Sustainability in communities through Participatory Conservation Planning
Regular visitors of this blog know we work closely with local communities and villages to implement sustainability practices and conserve forests. Why is this so? If Golden Agri-Resources (GAR) owns the land or is given a license by the district government to operate there, don’t we have the sole right to decide what to do with the land? Land ownership can be a grey area because often, even without official documentation, local communities can claim customary ownership to territories they live in.
Because our actions have an impact on communities, we ensure Free, Prior and Informed Consent (FPIC) from them through consultation and discussion, before commencing any development and conservation of land. In 2015, we introduced Participatory Conservation Planning (PCP), an intensive consultative approach with the local communities that takes into account their concerns, needs and aspirations including food security requirements and continued ability to earn a stable livelihood.
What does Participatory Conservation Planning involve?
PCP starts with scoping, where GAR visits the area in question for around a week, to understand more about the landscape and village(s) living in the area.
This is followed by Participatory Mapping (PM), where we help the villages map critical areas such as village and customary boundaries and land necessary for food security. This map is lodged with and formally recognised by the authorities, serving to clarify land tenure rights and often enabling villages gain access to government development funds for the first time.
Using the data from this PM, the High Carbon Stock (HCS) and High Carbon Value (HCV) maps GAR has made of the land, we then gather with the local community to identify the areas that need to be conserved according to our guidelines in the GAR Social & Environmental Policy (GSEP). This process can take a while because the areas being used for local farming may be encroaching areas that need to be conserved.
When issues like these arise, a core element of PCP involves designing Alternative Livelihood programmes that allow communities to earn an income without disturbing forests and sensitive ecosystems. Alternative Livelihood programmes currently being piloted by GAR include organic vegetable farming using spare communal land. These projects bring benefits that include improved food self-sufficiency and additional income. With help and guidance from GAR, local communities are exposed to new, sustainable ways of farming without use of chemical fertilisers and pesticides and more importantly, without the use of fire to clear land.
In cases where communities reject the idea of conservation altogether and still go ahead with clearing HCS land for their farming, GAR’s stand is not to buy from them.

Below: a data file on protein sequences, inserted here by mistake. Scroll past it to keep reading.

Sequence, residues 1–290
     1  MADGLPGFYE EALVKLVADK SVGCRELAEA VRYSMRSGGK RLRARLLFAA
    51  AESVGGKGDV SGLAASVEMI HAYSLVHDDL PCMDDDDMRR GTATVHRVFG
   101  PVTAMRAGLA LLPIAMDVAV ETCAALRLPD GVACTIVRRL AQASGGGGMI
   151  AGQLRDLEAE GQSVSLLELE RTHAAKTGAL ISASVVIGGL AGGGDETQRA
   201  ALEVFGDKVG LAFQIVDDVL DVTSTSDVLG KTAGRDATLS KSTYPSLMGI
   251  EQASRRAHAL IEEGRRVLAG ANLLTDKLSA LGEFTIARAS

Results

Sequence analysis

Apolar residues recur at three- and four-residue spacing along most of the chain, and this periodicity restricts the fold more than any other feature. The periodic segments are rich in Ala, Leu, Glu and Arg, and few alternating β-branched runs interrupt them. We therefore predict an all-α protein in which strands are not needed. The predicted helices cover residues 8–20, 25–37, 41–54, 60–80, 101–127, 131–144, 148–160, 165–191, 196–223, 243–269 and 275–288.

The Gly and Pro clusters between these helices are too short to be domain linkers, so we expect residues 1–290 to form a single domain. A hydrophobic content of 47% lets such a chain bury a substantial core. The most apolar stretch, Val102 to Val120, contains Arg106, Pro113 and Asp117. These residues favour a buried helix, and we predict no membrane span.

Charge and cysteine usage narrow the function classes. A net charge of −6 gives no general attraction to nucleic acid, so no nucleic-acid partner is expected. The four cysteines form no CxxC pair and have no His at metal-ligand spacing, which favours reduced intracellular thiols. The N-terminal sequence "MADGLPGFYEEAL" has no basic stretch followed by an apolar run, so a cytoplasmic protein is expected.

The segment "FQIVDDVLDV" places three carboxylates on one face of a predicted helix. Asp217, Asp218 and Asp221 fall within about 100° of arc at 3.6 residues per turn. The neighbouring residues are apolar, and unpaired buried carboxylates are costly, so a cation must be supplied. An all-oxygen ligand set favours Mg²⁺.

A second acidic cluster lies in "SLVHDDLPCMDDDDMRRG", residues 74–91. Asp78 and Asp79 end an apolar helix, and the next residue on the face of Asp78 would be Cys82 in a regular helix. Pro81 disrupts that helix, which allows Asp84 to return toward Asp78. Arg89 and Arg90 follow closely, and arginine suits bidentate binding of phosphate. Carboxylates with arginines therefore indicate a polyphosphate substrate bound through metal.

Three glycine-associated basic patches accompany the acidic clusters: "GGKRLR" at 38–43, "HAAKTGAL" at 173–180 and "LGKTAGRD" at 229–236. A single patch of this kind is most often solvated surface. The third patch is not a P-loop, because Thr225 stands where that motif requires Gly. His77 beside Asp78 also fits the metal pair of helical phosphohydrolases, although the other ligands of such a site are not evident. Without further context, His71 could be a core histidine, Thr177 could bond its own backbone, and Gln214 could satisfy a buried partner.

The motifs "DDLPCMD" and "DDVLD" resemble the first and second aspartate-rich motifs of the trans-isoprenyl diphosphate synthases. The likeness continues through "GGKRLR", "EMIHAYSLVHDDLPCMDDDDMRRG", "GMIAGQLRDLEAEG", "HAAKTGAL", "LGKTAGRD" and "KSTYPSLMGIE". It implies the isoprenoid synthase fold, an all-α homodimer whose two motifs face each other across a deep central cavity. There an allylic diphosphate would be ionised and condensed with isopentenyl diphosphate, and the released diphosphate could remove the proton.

Public consultation is the final stage of PCP where we present the final map that combines the areas for conservation, development and food security, and management plan to all stakeholders such as the community members, district government, universities and Non-Governmental Organisations (NGOs).
PCP: A tool to bridge differences in perception
At one of our concessions in West Kalimantan, we worked with four villages. They were initially apprehensive about conserving HCS areas and rejected our proposal because they were not aware of its importance and thought that they would not be able to further use the forest for their subsistence.
We educated the community on the significance of HCS forests and the long-term benefits of conservation. The team also showed them controlled ways to utilise the forest for their subsistence while still maintaining its integrity. This convinced the community to accept the proposal and issue village regulations to manage their forest.
This agreement was formalized at a public consultation event held from 8-10 August where community heads, representatives from the district government, universities, and local NGOs from Pontianak and Putusibau attended to understand the results.
“PCP provides valuable insight for my community to manage the environment, especially for better understanding about their rights and obligations in the village. This programme also helps to resurrect our local wisdom. To maintain sustainability in this village, we will arrange the spatial layout for the availability of land designated for the community in accordance with regulations and stakeholders agreements. It is also important to instill a cultural tradition of environmental preservation to the next generation to preserve High Carbon Stock area as the lungs of the world,” explained Village Head of Desa Baru Gusti Bulhari Djazuli.
The next steps for these villages is GAR to facilitate the launching of village regulation as a legal basis for communities to manage forests that are agreed upon by them to be protected sustainably. In the same time, these villages start to run an Alternative Livelihood programme with help from GAR, which will reduce the pressure toward their HCS forest area.
Results and achievements
To date, we have rolled out Participatory Mapping in 67 villages across 13 concessions and carried out PCP in 12 villages across West Kalimantan, securing agreement with local communities to set aside over 7,000 hectares of HCS forests for conservation.
We are using this model of community partnership to ensure the successful rehabilitation of 2,600 hectares of peat land in West Kalimantan, and halting future encroachment into peat areas through implementation of Alternative Livelihood programmes. Scaled up, this protection-production model could help ensure economic growth in tandem with forest conservation as we launch similar partnerships across our concessions.